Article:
Leukaemia Treatment 'Cures' Man of HIV


JF-Expert Member
Feb 12, 2007
Leukaemia Treatment 'Cures' Man of HIV
A bone marrow transplant has successfully treated both fatal diseases

An HIV positive man who received a bone marrow transplant after developing leukaemia appears to have been cured of HIV.

The American man in his forties was living in Berlin when he developed acute myeloid leukaemia. When chemotherapy failed to treat his condition, he was given two bone marrow stem cell transplants chosen from a donor who had a natural genetic resistance to HIV.

Around one to three in every hundred people have a gene mutation which gives them a natural resistance to HIV. The virus can only infect human cells by interacting with two 'receptors' located on the surface of the cell, known as the CD4 and CCR5 receptors. However, a small minority of people with a genetic mutation lack the CCR5 receptor, making it extremely difficult for the virus to enter their cells.

The HIV patient's doctors deliberately chose a bone marrow donor with the gene mutation.

Three years on and the man is free of both HIV and leukaemia and is not being treated with anti-retroviral medicines. No trace of the virus has been found in the blood or other parts of the body where HIV can hide, such as the intestines, lymph nodes or the brain.

All of the patient's new blood and bone marrow cells are of the HIV-resistant kind, without the CCR5 receptor.

However, as bone marrow transplants are risky and complicated procedures, they cannot be widely used as a cure for HIV.

Writing in the journal Blood, doctors from the Charite University Hospital in Berlin said their findings "strongly suggest that cure of HIV has been achieved" in the patient.

Yahoo Health


JF-Expert Member
Jan 19, 2008
Doctors ‘cure' leukemia by using HIV to rewire immune system

December, 2012, 14:16

A woman carries a dropper of her daughter, patient of the oncology unit, in the RDKB.(AFP Photo / Natalia Kolesnikova)

Doctors have successfully used a disabled version of HIV to modify a 7-year-old leukemia patient's white blood cells to attack her cancer. The breakthrough procedure could potentially replace bone marrow transplant as a leukemia treatment.
Emma Whitehead was selected as a patient for the experimental technique after two years of battling with acute lymphoblastic leukemia, the New York Times reported. Chemotherapy failed to either cure the disease or result in a period of remission long enough for a bone marrow transplant.
The process was previously tested only on adult patients. In April, Whitehead became the first child to undergo the treatment, her medical team revealed during an annual meeting of the American Society of Hematology in Atlanta last weekend. She was also the first patient to be treated for her kind of leukemia.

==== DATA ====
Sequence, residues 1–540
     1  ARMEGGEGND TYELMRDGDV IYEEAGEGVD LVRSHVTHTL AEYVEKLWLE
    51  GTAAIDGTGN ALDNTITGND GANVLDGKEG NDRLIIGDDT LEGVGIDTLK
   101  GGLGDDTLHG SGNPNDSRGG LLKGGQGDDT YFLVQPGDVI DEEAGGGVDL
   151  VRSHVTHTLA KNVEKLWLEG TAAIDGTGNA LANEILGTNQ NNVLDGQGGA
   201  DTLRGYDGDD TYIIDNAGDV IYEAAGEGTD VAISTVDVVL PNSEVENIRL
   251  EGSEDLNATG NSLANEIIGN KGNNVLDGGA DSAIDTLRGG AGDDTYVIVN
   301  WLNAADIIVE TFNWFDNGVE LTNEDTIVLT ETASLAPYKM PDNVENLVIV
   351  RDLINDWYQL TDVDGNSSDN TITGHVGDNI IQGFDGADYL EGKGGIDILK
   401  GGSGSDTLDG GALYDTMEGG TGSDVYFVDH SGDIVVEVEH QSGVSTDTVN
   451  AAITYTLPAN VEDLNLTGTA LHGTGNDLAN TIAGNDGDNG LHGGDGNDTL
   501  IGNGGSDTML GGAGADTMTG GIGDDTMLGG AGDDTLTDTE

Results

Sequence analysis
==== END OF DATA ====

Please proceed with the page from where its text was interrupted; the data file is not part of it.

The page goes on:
Doctors from the University of Pennsylvania and the Children's Hospital of Philadelphia manipulated Whitehead's immune system to make it target cancer cells. They took a batch of her own T cells – a kind of white blood cell – and genetically engineered them to kill the B cells – another kind of white blood cell – responsible for her disease.

To do this, the doctors used a modified and disabled form of HIV, the virus responsible for AIDS, to alter the T cells' genes, making them produce a protein called a chimeric antigen receptor on their surface. This artificial protein matches another protein encountered only on the surface of B cells. The alteration allows T cells to attach to B cells, and destroy them. The genetically engineered T cells were then injected back into Whitehead's blood, where they could reproduce on their own.
Two months after the procedure, testing revealed there was no sign of cancer in the girl's body. The altered T cells were still present in her blood, but in smaller quantities than during treatment. Six months later, Whitehead is still in remission and is now back in school.

The experimental treatment has not yet been fully tested: Whitehead nearly died when the procedure caused a spontaneous high fever, and other near-fatal symptoms.
Not all of the 12 patients in the clinical trial responded to the treatment as well as Whitehead: Three adults with chronic leukemia had complete remissions; four improved their condition, but did not beat the disease completely; one is still in too early a stage to evaluate; two patients saw no effect from the treatment; another child initially responded, but eventually relapsed.
The treatment also kills healthy B cells along with malignant ones, making patients vulnerable to certain types of infections; patients require regular treatments of immune globulins to prevent illness.
T cell therapy appears to be a promising medical breakthrough that may replace older bone marrow treatments, the researchers said. They plan to conduct additional trials with at least a half-dozen patients over the next year.




JF-Expert Member
Jan 19, 2008
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